Review: Fighting with My Family (2019)

A comedy-drama smackdown! We review of Stephen Merchant's film, Fighting with My Family

If you’re a fan of wrestling, this film is for you. If you’re not a fan of wrestling, this film is for you. Yes, this is a film about a family that loves, lives and breathes everything about World Wrestling Entertainment (WWE), but more than that it’s about a family finding out what really matters. 

Written, produced and directed by Stephen Merchant, the film is inspired by the Channel 4 documentary The Wrestlers: Fighting With My Family and tells the story of WWE star Paige (aka Saraya-Jade Bevis) and her real-life family.

The story follows reformed gangster and former wrestler Ricky, his wife Julia and their children, daughter Saraya and son Zak, as they struggle to make a living as wrestlers in tiny venues around the UK. After years of chasing the family dream, Saraya and Zak finally get the chance to audition for the WWE’s training programme. But when Saraya gets picked for a once-in-a-lifetime shot at WWE stardom and her brother doesn’t, the weight of the family dream falls squarely on her shoulders. And for the first time, the dream that held the family together threatens to tear them apart.

Florence Pugh (Marcella and Lady Macbeth) stars as Paige, one half of the would-be WWE superstar duo. Brilliantly cast, Pugh’s performance and presence is reminiscent of Tatiana Maslany’s in Orphan Black. Throughout Saraya’s journey, Pugh fills every moment with an innocence and strength that endears the character to us. From deliciously cringe-worthy moments and moments that sink the stomach to moments that lift the heart and make your face ache from smiling, the actress holds the integrity of the film steadily.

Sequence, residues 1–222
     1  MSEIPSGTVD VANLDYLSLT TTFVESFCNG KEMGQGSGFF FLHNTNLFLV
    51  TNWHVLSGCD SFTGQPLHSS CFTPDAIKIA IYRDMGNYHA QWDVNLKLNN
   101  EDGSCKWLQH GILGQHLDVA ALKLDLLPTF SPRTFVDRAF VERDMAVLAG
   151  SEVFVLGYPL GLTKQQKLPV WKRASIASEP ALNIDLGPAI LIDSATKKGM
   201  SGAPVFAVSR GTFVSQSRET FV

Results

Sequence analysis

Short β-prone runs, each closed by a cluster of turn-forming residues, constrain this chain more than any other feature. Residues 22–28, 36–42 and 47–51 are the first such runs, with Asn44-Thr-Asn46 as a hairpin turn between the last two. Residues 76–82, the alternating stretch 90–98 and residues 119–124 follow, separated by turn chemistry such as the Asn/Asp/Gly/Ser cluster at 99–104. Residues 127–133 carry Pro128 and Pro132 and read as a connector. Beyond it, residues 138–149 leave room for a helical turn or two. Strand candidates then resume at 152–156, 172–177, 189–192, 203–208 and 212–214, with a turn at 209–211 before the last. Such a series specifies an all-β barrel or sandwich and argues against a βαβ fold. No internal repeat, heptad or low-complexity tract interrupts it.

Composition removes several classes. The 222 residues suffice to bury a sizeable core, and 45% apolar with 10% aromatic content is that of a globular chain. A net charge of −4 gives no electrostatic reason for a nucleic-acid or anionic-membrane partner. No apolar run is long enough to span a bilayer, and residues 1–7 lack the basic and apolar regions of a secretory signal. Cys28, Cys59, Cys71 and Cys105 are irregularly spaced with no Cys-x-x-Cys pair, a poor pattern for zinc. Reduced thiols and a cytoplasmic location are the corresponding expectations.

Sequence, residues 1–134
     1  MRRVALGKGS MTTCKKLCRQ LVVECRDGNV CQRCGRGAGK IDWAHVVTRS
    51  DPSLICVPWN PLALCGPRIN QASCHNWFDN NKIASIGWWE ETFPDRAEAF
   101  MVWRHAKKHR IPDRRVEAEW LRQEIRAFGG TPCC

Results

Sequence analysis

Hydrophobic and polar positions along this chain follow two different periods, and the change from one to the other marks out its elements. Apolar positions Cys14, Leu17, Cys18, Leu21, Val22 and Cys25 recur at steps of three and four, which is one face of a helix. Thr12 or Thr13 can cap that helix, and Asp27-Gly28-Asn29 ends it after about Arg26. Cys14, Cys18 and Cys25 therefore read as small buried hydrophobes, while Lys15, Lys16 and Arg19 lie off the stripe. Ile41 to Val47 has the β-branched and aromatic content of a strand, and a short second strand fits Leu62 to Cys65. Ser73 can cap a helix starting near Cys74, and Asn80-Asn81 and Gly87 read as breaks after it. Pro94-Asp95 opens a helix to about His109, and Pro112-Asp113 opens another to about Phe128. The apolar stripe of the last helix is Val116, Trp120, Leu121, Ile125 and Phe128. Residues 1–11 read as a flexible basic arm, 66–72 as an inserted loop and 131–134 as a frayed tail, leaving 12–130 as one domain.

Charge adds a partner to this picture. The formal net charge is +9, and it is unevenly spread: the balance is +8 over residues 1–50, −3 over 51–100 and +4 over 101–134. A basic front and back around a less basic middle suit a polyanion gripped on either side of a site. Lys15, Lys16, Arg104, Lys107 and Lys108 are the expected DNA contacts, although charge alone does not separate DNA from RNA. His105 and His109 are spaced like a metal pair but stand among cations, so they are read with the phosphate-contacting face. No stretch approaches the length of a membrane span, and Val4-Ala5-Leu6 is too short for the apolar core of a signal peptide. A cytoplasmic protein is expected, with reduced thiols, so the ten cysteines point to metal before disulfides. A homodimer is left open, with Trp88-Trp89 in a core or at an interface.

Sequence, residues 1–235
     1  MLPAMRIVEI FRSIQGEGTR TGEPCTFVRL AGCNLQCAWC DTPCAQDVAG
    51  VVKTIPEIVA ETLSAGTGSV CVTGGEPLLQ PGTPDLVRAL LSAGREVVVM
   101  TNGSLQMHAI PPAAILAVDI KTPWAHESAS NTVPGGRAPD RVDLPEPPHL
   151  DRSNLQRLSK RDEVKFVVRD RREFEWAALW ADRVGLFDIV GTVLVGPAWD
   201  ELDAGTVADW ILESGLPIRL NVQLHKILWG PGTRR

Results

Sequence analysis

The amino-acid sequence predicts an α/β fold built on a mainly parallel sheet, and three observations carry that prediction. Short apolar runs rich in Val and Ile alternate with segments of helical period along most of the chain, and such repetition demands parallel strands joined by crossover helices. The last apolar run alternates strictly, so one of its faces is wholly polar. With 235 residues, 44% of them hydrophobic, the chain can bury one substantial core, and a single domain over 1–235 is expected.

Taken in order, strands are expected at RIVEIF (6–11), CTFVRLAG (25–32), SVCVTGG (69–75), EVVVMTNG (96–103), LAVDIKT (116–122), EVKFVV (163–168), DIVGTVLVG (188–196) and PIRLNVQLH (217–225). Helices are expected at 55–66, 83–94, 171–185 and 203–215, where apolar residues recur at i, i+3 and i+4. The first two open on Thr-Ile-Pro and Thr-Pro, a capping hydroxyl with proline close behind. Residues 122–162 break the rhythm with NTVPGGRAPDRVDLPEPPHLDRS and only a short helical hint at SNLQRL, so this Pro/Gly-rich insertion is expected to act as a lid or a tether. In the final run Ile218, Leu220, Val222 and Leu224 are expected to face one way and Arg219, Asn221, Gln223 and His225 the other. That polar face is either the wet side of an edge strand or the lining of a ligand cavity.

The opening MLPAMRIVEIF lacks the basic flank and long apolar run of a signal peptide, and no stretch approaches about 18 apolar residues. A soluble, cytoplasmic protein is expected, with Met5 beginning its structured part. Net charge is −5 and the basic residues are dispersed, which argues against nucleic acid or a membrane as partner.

Alongside Pugh, Nick Frost (Shaun of the Dead and Paul) as Ricky and Lena Headey (Games of Thrones) as Julia, bring a deliciously humiliating parental humour that everyone can relate to. While on the surface they appear to be living vicariously through their children, the warm, honest and earthy performances of both actors reveals two parents who are simply, and deeply, delighting in the shared passion for wrestling they share with their children. And their fierce and devoted love is all summed up in one perfectly crafted line:

“You are the spark in our lives, no matter what you do with yours.”

Now while Zak’s storyline may appear predictable to some, it is real and rich. Portrayed with skill by actor Jack Lowden (Dunkirk and Mary Queen of Scots), Saraya’s brother Zak is full of emotional nuance. Lowden tells his story in a way that will resonate with many and enhances the grounding aspects of the film’s visual narrative, which have been crafted by a first-class production team. 

Using dark and gritty scenes of Zak’s life in the UK as he becomes a young father to punctuate the light and colourful scenes of Saraya’s journey in the States, director Stephen Merchant, cinematographer Remi Adefarasin and production designer Nick Palmer create a juxtaposition that skillfully highlights each sibling’s struggles. And underpinning it all are the screenwriting talents of Merchant. 

Binding the common threads of love, loneliness and the need for self-worth and self-belief together, Merchant delivers a poignant message: Do what you love. And if you want what you love to mean anything, then you have to love it irrespective of what others may think, or of what it may or may not bring you.

Though there are one or two moments where its American confidence and British reservedness clash ever so slightly more than they blend, the film’s emotional core is finely balanced with a sense of humour firmly rooted in real life.

All in all, a thoroughly enjoyable watch that ends with a reassuring and all-to-true echo… “Just ‘cause millions of people aren’t cheering when you do it, it doesn’t mean it’s not important.”

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